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BBC History MagazineBBC History Magazine

BBC History Magazine Christmas 2018

BBC History Magazine aims to shed new light on the past to help you make more sense of the world today. Fascinating stories from contributors are the leading experts in their fields, so whether they're exploring Ancient Egypt, Tudor England or the Second World War, you'll be reading the latest, most thought-provoking historical research. BBC History Magazine brings history to life with informative, lively and entertaining features written by the world's leading historians and journalists and is a captivating read for anyone who's interested in the past.

United Kingdom
Immediate Media Company London Limited
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“The Celts and Romans were implacable foes. That at least is the impression you get from popular representations of the two peoples. And of course this is not complete fiction as there certainly were spells of brutal warfare, notably during the campaigns of Julius Caesar. Yet this is far from the full story and in this month’s cover feature, beginning on page 20, world-leading Celts expert Barry Cunliffe reveals how the relationship was as much about trading as it was invading. When it comes to British heroes, few are more lionised than Horatio Nelson, the victor at Trafalgar. But he also had a darker side, notably in his support for the continuation of the slave trade, even at a time when popular opinion in Britain was turning against the barbaric practice.…

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this issue’s contributors

Rowena Cockett What most drew me to James I of Aragon’s autobiography was the unique opportunity it offers to access the internal world of a medieval king, including his thoughts, feelings, and personal challenges. • Rowena explores a remarkable medieval document on page 26 Christer Petley I have been interested in Nelson for as long as I can remember. But my recent research on the debate about the slave trade has revealed some disturbing aspects of his story. • Christer considers why the Trafalgar hero stood in opposition to abolition on page 50 Rebecca Probert Investigating the law and customs governing Victorian weddings helps explain the decisions made by couples of the time, and the policy choices that continue to shape the current law. • Rebecca describes the rules and customs of 19th-century nuptials on page 38 UK COVER:…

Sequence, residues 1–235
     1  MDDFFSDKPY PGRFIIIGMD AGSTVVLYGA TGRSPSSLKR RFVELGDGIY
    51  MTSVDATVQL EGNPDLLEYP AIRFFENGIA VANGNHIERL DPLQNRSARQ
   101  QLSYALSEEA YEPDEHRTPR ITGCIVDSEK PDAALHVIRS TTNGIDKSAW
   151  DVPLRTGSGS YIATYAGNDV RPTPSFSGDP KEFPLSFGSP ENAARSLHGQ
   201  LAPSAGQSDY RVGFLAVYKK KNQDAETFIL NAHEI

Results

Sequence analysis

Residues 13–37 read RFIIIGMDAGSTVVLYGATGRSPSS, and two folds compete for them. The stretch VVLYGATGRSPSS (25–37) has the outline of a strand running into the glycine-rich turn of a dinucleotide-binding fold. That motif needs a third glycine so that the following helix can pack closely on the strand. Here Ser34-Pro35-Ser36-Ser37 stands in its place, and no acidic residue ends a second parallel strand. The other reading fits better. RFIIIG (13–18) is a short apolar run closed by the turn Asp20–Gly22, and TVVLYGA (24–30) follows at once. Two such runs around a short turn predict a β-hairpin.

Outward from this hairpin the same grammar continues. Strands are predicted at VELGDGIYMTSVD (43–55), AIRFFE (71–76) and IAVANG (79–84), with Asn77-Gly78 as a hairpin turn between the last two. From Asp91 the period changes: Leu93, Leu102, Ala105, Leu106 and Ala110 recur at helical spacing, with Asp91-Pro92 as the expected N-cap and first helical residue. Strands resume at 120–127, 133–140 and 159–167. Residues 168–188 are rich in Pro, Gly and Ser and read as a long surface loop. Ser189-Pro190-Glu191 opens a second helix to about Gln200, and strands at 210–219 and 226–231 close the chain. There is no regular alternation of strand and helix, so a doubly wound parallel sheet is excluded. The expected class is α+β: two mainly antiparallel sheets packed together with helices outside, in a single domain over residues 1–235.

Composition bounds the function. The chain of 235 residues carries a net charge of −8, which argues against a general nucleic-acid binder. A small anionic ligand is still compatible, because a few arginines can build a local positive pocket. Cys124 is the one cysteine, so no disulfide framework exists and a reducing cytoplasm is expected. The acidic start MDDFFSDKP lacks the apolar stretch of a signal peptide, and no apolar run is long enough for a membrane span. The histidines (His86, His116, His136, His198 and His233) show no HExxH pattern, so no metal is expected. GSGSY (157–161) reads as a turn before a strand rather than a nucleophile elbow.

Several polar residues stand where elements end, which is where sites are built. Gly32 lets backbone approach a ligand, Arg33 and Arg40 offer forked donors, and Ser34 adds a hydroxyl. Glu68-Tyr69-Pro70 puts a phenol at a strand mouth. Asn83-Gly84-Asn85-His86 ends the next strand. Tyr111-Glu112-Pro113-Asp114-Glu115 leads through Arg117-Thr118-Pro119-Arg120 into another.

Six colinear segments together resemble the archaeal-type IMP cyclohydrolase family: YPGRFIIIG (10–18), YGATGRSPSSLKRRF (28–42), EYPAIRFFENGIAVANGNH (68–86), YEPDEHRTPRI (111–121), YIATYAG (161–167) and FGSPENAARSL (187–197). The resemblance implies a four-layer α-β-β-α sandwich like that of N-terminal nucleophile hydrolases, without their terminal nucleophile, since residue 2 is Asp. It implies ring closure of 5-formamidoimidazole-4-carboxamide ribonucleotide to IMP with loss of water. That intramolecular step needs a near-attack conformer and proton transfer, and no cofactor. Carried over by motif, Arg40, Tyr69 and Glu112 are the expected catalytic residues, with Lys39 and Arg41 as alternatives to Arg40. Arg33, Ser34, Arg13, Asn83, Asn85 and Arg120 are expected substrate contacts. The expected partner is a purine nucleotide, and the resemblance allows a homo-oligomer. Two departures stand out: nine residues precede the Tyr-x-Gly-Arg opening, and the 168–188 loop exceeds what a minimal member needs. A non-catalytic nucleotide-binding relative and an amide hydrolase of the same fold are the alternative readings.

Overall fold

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rome’s emperor honours the sun god with a gigantic temple

In late December 274, the Roman emperor Aurelian was at the height of his power. After decades of instability, the former general had imposed order on the fractious empire, defeated a series of barbarian incursions and reintegrated the breakaway empire of Palmyra. But Aurelian knew that he was merely the instrument of Sol Invictus, ‘the unconquered Sun’, a god long associated with the Aurelius clan. The cult of the sun god had become increasingly popular in the third century AD, competing with other fashionable faiths such as Mithraism and Christianity. According to legend, the emperor’s mother had been a priestess of the sun god in her home town, in present-day Serbia. And Aurelian was keen to elevate his favoured deity to the very first rank, announcing that priests of Sol Invictus…